Stone Manor Inn is a lovely -- but expensive -- retreat about 45 minutes from Washington. D.C. Our room was huge, comfortable, and nicely appointed (at $275 a night, it should be). Sadly, Stone Manor's dining experience is nowhere near what it used to be. Last year, we enjoyed a sumptuous and innovative multicourse tasting dinner, well worth the $70 per person price, particularly when coupled a selection from with the chef's exceptional wine list. So it was with trepidation that we learned that the chef had departed in August, 2002, to South Carolina. Our concerns were justified. Stone Manor's food still looks good, but looks can be deceiving. Dinner began badly enough when the first two wine selections I made were "out of stock", which our server gamely tried to explain as "reorganization" of the wine cellar under the new chef. My third selection, a nice Australian Shiraz, arrived so cold that it took more than half the dinner to warm to an acceptable drinking temperature, the coldness closing off the wine and leaving it tasting thin and uninteresting. When it finally warmed to room temperature, it was very good, but no one should have to wait half the meal to enjoy a $50 bottle of wine. Our dinner was disappointing from start to finish. My first course of "two confits" consisted of duck and game hen confit, two small pieces of game hen (breast and leg) sitting on top of black eyed pea puree mixed with shreds of duck confit. The pea puree was underseasoned (a theme throughout the dinner); the duck and game hen dry and dull. Altogether, a bland disappointment that, like every course of the dinner, looked beautiful. My wife's appetizer of salmon atop a berry puree looked better than it tasted, the puree at odds with the fish. The soup course, a white bean soup with a squash stuffed ravioli, finished with truffle oil, fared little better. The soup, was hard to eat, served as it was in an oversized and oddly flat and shallow bowl. In contrast to the res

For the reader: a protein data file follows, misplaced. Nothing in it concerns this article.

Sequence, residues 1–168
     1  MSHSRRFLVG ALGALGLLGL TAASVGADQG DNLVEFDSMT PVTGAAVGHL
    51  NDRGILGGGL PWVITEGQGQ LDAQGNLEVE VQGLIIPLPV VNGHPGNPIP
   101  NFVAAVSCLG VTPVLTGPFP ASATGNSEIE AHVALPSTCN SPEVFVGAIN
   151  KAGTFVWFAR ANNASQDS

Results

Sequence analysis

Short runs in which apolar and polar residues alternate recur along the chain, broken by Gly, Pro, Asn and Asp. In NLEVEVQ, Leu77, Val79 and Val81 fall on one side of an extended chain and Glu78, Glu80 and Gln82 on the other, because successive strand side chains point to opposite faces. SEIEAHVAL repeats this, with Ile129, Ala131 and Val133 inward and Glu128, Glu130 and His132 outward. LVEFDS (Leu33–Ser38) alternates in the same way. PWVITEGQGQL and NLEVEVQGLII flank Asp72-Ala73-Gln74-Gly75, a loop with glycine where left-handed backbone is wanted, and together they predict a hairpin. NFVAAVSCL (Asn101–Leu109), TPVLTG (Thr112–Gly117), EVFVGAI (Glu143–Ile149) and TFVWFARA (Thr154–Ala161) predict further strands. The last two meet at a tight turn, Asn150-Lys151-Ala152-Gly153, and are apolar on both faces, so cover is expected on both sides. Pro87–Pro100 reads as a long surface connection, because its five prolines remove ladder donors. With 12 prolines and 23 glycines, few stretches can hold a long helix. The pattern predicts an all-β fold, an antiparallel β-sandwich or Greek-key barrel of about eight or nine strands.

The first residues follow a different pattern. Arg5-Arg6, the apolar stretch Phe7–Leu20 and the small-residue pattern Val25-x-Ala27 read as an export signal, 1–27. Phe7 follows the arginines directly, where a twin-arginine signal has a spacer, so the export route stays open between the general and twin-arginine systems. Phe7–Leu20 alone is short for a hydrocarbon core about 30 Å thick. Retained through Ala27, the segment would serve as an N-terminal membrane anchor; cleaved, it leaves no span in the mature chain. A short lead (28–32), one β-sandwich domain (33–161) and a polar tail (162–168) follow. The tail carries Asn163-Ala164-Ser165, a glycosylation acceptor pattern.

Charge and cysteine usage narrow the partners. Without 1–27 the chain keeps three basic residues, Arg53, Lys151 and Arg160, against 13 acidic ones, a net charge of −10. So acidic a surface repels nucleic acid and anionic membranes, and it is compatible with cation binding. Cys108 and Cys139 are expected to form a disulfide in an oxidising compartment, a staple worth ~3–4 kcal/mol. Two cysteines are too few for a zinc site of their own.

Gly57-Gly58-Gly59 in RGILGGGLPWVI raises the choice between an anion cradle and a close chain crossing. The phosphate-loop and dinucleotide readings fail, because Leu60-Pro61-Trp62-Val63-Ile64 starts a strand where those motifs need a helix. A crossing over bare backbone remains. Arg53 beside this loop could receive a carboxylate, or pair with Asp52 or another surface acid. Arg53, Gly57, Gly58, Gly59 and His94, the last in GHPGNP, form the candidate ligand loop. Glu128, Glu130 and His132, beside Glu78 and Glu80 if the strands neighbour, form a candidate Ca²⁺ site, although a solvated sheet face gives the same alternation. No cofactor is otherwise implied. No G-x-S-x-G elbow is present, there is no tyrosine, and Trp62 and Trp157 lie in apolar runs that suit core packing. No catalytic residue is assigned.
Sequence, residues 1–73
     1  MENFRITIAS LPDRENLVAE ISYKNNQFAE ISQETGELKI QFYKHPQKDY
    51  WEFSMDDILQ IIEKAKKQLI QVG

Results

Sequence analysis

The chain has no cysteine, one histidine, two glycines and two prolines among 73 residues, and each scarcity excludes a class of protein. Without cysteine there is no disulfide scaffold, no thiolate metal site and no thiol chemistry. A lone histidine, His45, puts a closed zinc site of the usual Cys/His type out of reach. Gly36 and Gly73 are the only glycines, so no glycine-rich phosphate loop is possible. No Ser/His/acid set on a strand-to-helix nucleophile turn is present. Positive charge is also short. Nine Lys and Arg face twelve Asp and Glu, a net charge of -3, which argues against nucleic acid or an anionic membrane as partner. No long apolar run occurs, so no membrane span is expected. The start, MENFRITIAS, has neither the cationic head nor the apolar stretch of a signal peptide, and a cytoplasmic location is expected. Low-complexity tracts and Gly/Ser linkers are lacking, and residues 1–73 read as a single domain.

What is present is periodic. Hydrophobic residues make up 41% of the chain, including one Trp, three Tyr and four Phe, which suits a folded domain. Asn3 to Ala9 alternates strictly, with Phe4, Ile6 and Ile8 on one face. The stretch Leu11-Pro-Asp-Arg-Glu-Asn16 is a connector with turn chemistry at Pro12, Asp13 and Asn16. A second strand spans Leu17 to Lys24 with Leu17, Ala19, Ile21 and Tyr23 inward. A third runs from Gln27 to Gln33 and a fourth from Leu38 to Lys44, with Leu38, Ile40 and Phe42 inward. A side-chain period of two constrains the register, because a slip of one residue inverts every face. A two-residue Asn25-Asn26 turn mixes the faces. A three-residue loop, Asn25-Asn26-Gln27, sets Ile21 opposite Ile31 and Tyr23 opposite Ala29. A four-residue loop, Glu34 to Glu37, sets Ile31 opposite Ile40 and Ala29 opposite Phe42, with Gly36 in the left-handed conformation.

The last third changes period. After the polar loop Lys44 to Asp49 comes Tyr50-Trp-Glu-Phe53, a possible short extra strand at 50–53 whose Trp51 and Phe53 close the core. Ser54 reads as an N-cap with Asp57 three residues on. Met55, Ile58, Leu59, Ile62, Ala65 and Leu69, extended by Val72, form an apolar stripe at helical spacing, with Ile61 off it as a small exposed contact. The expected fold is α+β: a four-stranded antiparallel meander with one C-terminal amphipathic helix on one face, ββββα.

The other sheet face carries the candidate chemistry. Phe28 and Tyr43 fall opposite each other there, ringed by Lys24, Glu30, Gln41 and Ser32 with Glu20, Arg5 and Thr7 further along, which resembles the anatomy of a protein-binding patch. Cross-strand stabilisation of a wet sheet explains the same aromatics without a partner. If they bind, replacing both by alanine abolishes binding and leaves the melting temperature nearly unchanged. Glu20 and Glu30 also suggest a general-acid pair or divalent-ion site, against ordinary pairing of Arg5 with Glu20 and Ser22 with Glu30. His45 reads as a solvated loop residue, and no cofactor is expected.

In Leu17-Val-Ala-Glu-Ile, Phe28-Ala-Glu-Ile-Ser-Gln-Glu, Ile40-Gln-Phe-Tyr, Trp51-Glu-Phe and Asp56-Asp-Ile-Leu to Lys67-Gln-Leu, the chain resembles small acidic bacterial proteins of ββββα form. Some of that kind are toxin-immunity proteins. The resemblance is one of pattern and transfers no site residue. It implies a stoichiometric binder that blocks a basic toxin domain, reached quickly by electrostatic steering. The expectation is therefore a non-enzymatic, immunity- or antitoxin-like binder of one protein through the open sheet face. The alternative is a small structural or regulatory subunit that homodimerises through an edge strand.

although the truffle oil lent a nice counterpoint to the salty blandness of the soup itself. The ravioli was undercooked, rendering it a bit too al dente, the whole white beans in the soup were virtually uncooked, lending an unappetizing chalky crunchiness to the dish. My entree of duck breast over black sticy rice was typical of the meal: the duck breast was nicely cooked but lacking in any discernable flavor; the black sticky rice was, oddly, not sticky at all, each grain perfectly separate, and apparently unseasoned. Accompanied by undercooked brussel sprouts and sauced (barely) with a madeira cream, the neither the sum nor the parts of this dish made much sense, rather as though the chef had selected what he or she thought would look good on the plate, with no eye to pulling the diverse ingredients together as a whole. Likewise my wife's lambshank ragout, stuffed into a few oversized ravioli and served with a veal demiglace. She would rather have had the lambshanks themselves. Dessert for me was a "tarte tatin" napolean, which, after an endless delay, arrived stone cold, chewy, and dull. My wife's warm chocolate cake was excellent, but not worth the delay it took to make it.
Last years dinner was a revalation: innovative, creative, imaginative and generous cooking in a lovely rural setting. What a difference a chef makes! This year's dining at Stone Manor Inn is a waste of time and money. This is now a restaurant seriously at risk: ambitiously visual cooking in which looks, not taste, seem to be the main objective. Carelessly cooked, underseasoned, and for the most part dull food served at hefty Washington prices make Stone Manor a dining decision best avoided until a surer hand takes over the kitchen once again.
This review is the subjective opinion of a TripAdvisor member and not of TripAdvisor LLC.